Cue age of Aquarius “let the sunshine in”, what a great song. It’s one of those songs that I can play loud with the windows down, the sun shining and the wind blowing through my hair. Hearing the melody creates feelings of joy and wonder, causing a cascade of happy hormones in my body.
Hormones are how we feel our surroundings or interpret our external events internally. It starts with a trigger, it can excite the pathways that create more hormones and this creates a positive feedback loop that will make you crave more.
Now, this can also create a negative feedback loop that will tell you ‘this wasn’t such a good idea’ and the next time when you feel that same stimulus you will take different action. Your brain is a computer that is also living and learning and smart. It will take the input into it and create memories of the stimulus and then determine whether the experience was good or bad for us and tell us what to do the next time the situation arises.
Sun shine is comprised of UVA, UVB and other types of rays that come from the sun. These can be good for us, as in, vitamin D synthesis and stimulating the positive hormone cascade and they can also be harmful, as in, skin cancer and sun burns.
Sunshine is recommended by most doctors for about 10-15 minutes a day and when it hits your skin, you get an immediate sense of well-being and health. This is because your body is creating new, good hormones in the case of vitamin D. We know that vitamin D is good for our health: cardiovascular, bone health, and other systems.
We also know that if we stay in the sun too long we can get sun burns.
Sun burns happen when we have prolonged exposure to the ultraviolet radiation from the sun. These rays of ultraviolet light are called UVA and UVB rays. In small doses these may be harmless but in large doses they can burn our skin.
We have receptors in our skin that tell us what is going on around us so that we can perceive our environment and then make changes based on that perceived information. So, let’s say for instance, that we are standing on the ground in Los Angeles and we start to feel the ground move, what you are actually feeling is the proprioception receptors in your skin and joints that sense vibration. These sensors tell you that the ground is shaking, more than just a large truck is passing by. Your brain then taps into these memories and says this feels like an earthquake and we better take cover. Or maybe it can compare it to all past experiences and say this isn’t like anything we’ve experienced before and this must be an earthquake.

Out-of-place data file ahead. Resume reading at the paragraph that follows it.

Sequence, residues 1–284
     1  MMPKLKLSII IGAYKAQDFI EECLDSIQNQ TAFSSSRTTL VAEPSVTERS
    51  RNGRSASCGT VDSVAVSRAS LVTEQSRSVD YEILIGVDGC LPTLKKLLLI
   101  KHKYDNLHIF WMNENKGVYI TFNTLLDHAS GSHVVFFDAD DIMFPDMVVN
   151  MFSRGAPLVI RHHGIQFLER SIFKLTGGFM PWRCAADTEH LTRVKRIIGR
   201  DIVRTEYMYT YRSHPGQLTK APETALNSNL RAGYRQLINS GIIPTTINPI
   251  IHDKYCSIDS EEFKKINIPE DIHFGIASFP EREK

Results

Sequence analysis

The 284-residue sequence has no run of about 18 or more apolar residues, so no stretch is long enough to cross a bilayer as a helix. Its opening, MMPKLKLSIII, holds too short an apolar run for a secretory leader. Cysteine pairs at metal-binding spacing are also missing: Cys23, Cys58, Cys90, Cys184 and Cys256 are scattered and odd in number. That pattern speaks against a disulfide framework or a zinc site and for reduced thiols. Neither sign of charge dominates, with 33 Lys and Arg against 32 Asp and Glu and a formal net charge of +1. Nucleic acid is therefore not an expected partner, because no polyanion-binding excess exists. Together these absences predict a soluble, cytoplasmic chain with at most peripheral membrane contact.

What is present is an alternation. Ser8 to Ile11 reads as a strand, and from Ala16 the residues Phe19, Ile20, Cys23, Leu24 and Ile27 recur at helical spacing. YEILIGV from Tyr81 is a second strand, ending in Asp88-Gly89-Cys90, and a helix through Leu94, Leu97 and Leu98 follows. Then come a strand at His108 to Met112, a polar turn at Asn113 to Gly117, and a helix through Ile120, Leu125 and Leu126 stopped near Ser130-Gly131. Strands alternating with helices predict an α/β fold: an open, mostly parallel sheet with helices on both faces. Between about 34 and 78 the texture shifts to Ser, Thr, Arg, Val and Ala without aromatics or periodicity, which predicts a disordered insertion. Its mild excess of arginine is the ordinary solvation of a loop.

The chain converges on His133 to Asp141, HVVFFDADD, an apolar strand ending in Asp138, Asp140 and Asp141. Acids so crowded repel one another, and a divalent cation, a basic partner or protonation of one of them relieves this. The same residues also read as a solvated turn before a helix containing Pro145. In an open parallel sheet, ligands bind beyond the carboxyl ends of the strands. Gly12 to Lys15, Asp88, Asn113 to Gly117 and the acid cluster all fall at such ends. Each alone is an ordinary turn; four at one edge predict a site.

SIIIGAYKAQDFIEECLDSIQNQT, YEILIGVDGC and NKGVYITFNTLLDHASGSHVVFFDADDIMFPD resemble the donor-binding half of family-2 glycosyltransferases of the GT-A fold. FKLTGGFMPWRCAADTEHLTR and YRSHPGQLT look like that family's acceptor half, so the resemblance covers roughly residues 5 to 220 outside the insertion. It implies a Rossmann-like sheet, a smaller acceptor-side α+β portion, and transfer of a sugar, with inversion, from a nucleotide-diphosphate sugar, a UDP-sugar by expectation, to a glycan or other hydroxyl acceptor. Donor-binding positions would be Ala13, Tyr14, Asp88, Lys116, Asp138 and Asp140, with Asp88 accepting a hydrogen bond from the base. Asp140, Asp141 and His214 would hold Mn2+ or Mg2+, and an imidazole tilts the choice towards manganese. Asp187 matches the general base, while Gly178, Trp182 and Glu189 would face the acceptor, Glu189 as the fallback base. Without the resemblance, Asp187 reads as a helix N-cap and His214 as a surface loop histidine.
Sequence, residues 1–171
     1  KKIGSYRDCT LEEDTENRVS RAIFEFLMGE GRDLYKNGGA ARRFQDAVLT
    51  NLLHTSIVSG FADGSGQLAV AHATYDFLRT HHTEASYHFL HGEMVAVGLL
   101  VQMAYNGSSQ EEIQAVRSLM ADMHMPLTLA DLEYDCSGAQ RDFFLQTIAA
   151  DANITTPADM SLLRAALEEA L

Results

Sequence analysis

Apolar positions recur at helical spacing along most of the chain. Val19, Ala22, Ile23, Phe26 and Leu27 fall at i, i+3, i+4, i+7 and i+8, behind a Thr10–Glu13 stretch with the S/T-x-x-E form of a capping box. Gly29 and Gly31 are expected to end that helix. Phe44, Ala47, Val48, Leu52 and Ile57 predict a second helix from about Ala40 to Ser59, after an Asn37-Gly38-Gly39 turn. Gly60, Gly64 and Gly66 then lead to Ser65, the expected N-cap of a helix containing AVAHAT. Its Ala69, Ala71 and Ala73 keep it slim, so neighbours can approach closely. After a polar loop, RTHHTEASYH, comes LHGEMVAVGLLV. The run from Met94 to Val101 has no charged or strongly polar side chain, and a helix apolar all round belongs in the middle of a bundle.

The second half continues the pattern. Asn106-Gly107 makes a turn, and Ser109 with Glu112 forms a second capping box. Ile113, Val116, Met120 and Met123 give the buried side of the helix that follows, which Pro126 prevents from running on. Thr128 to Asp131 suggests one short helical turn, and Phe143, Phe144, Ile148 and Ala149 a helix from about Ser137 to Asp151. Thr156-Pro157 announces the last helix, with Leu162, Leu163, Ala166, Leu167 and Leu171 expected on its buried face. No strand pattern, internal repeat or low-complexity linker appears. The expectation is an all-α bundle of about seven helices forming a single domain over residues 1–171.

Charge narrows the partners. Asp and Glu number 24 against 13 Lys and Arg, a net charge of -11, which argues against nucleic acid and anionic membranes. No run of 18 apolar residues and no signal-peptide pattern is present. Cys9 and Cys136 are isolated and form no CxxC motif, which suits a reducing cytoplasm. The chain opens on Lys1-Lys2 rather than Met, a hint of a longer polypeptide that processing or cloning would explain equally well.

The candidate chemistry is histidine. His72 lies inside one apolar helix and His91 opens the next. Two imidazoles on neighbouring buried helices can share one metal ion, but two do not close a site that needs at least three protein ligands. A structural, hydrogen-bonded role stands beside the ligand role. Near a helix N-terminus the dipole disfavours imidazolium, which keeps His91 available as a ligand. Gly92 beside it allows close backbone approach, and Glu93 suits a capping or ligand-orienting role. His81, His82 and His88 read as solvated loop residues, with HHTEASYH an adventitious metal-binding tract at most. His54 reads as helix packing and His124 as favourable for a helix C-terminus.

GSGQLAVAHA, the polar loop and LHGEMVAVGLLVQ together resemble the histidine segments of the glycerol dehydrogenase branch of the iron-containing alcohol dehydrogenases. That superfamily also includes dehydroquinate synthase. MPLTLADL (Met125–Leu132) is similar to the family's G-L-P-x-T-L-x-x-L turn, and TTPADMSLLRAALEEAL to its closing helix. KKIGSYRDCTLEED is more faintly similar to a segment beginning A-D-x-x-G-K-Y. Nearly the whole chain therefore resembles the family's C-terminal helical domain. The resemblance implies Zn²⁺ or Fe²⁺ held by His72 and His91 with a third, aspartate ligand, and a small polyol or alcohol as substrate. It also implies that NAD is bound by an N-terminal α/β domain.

Sun burns work that same way, at some point, your skin’s temperature receptors will say this is warm and nice. Then it will get hot and then it will signal to the brain, “hey, I’m burning here”. Because sun burns are actually burns of the skin. So when you get a sun burn you are burning your skin. This is not healthy for the body and the body will tell you to protect yourself. Either move indoors away from the sun or cover up your burning flesh.
How to tell the difference
Safety is number one! Unless you have suffered a sun burn before you will not have a memory of when the sun on your skin much for your body is too to handle. In this case, it is better to use some sunscreen to protect your skin from a sun burn.
I know some people are against sun screen and in that case it is best to wear light linen or cotton clothing to protect your skin from excessive sun exposure. Wear a hat and sunglasses to protect your face and eyes.
Always have extra layers of clothing if you are going to be out in the sun for long periods of time. It is very hard to tell the difference between good sun and too much sun. Once you feel your skin burning, it is too late and you will have already started to burn the epidermis.
So do not wait until you feel the burn.
Types of sun block to wear
The best type of sun block is the one with the least amount of additives. The environmental working group at ewg.org has been resources for finding the least toxic sunscreens. They have brands that are EWG certified and will help you to find the one that’s right for you.
As far as the numbers go, SPF 15, 30, 45, 50, 75. That only signifies how many minutes of sun protection you will have. For instance, SPF 15 is 15 minutes of sun protection, whereas 75 is 75 minutes. Some people think that if they put on SPF 50 that they will have less of a chance of getting burned and this is simply NOT TRUE.
Personally, I use SPF 15 and above on most days and most dermatologists recommend SPF 30 and above.
If you are very sensitive to the sun and can feel the sun even on a cloudy day then I recommend wearing UPF clothes during summer. UPF stands for ultraviolet protection factor and this is built into the cloth.
This is meant to prevent the ultraviolet rays from penetrating the linen or cotton fibers and reaching your skin.
This is highly advisable if you have a sun allergy, sun sensitivity, or are prone to skin cancers.
Most people can feel the sunshine just like the song says. Most of the time it is a good thing to feel the sun on our skin and know our body is hard at work making our vitamin D to protect us from very bad diseases. If however, you are out for too long in the sun then remember to cover up and protect your skin from sun burns.